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Thursday, 14 December 2017

Ukraine makes coupon payment

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Ukraine has paid a US$120m coupon payment due today on its July 2017 bond, according to Reuters. Goldman Sachs analysts had written a note last month that said that, as its base-case scenario, Ukraine would not make the payment and would, therefore, enter into default.

Negotiations over a US$23bn debt restructuring continue with its creditors. Attention will also now turn to Ukraine’s next major payment – a US$500m bond due on September 23.

In the primary markets, Zambia hit the mid-range of its size target by raising US$1.25bn on Thursday but it paid a high price to do so.

At 9.375%, Zambia’s yield is higher than where even Ghana’s 2026s are trading and while Zambia managed to print at a coupon just inside 9%, it do so by selling the bond at a significant discount to par.

Zambia paid a new issue premium of 25-35bp but given the state of its economy and what Kazakhstan paid last week, albeit for a much bigger deal, that was always likely to be the going rate.

Zambia’s officials didn’t help their cause, publicly telling newswires of their intention to raise up to US$2bn – though on the roadshow, investors were told to expect US$1bn–$1.5bn. Those public pronouncements drove their curve 1–1.5pts lower.

With Zambia done and dusted, attention turns to whether a couple of esoteric high-yield trades will get done. Georgia’s Rustavi Azot has set IPTs of 12.50%–13.00% from IOIs of 11%–13% for a US$180m five-year non-call three bond that’s now expected to price on Monday.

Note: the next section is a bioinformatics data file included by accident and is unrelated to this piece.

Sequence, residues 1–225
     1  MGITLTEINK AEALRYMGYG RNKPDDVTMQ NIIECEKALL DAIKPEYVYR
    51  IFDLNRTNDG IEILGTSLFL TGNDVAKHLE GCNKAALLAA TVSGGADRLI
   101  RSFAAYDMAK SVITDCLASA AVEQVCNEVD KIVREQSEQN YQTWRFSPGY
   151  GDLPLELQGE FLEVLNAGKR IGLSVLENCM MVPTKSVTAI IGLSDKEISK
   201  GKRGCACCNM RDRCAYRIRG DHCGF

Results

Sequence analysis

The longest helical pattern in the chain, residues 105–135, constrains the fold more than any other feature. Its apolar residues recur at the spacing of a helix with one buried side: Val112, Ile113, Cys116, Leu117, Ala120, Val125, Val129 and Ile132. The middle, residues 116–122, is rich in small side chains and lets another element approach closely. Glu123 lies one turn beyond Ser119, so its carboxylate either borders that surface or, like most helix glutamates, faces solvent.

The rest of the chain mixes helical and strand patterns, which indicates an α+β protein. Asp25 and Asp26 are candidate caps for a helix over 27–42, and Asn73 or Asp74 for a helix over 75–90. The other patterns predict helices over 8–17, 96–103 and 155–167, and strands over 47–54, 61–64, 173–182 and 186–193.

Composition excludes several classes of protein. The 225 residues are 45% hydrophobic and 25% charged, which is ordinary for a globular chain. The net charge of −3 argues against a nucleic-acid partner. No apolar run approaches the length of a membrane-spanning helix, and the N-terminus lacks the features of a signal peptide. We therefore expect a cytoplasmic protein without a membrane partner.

The bond terms contain standard conditions, including a limitation on indebtedness once gross consolidated debt-to-Ebitda exceeds 3.5x from 2015 and 3x from 2017, according to Fitch.

The latest fund flow data show EM bond funds saw net inflows of US$262m, according to EPFR, led by local currency funds and blend funds.

As for today’s conditions, European markets are opening with a slightly weaker bias after a soft night in Asia.

In Japan, a bout of weekend profit taking saw the Nikkei close down 0.7% despite a better than expected mfg PMI number. The Hang Seng is off around 1%, and the Shanghai Composite is off around 0.9% after a horrible mfg PMI print.

In Europe, Bund and BTP futures are up over 20 ticks. Stock futures are in the red, but credit is fairly nonchalant with the Main 0.5bp wider at 61.25bp, the Crossover 2bp wider at 281bp and the Senior Financials flat at 69bp.

This week has mostly been about US earnings. And last night after the close, Amazon became the latest high profile name to blow the doors off, sending its shares rocketing 17% in after-hours trading, which in turn sent Nasdaq futures north.

But the reality of the season is that the market is only really reacting to bad numbers, as we saw on Wednesday after some of the tech firms disappointed. And so despite the likes of GM, Dow Chemical, McDonald’s, Eli Lilly and Kimberly-Clark all beating the Street, the miss from Caterpillar was what the market latched on to, leaving the Dow and S&P down over 0.5%.

    

    

    

   

 

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